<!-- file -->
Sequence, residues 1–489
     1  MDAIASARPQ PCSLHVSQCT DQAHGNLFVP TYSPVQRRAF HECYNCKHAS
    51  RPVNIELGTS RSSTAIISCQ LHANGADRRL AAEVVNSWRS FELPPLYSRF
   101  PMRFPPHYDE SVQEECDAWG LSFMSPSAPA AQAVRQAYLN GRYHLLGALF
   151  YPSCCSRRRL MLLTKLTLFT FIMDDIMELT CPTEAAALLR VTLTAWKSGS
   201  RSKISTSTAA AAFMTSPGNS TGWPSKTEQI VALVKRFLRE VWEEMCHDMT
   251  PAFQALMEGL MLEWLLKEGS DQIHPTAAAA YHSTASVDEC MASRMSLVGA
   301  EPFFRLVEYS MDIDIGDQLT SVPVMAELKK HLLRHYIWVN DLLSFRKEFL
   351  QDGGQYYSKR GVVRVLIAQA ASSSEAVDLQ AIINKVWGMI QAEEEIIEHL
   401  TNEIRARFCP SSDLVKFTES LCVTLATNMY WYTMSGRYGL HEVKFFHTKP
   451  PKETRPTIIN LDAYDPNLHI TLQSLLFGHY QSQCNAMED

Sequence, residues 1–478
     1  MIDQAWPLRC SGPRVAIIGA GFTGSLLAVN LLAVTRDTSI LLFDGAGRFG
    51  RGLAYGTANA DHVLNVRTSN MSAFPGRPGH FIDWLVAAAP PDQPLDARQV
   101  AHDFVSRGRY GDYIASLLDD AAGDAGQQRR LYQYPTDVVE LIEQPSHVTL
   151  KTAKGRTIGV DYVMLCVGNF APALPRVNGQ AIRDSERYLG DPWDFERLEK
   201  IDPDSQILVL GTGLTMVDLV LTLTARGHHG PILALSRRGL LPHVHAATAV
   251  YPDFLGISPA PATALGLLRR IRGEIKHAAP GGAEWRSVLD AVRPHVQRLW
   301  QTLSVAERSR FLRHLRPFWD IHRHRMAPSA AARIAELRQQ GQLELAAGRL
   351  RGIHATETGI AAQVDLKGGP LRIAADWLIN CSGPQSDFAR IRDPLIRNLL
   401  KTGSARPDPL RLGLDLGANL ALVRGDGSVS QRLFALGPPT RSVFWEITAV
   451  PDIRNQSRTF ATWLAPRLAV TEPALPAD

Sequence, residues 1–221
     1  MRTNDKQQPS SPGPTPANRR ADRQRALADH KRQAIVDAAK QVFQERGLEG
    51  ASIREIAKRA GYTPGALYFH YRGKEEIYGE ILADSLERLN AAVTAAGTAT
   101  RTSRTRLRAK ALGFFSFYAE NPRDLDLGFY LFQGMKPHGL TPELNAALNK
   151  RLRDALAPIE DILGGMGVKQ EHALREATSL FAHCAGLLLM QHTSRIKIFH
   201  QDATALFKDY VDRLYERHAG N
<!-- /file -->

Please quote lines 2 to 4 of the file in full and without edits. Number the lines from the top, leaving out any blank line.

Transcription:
     1  MDAIASARPQ PCSLHVSQCT DQAHGNLFVP TYSPVQRRAF HECYNCKHAS
    51  RPVNIELGTS RSSTAIISCQ LHANGADRRL AAEVVNSWRS FELPPLYSRF
   101  PMRFPPHYDE SVQEECDAWG LSFMSPSAPA AQAVRQAYLN GRYHLLGALF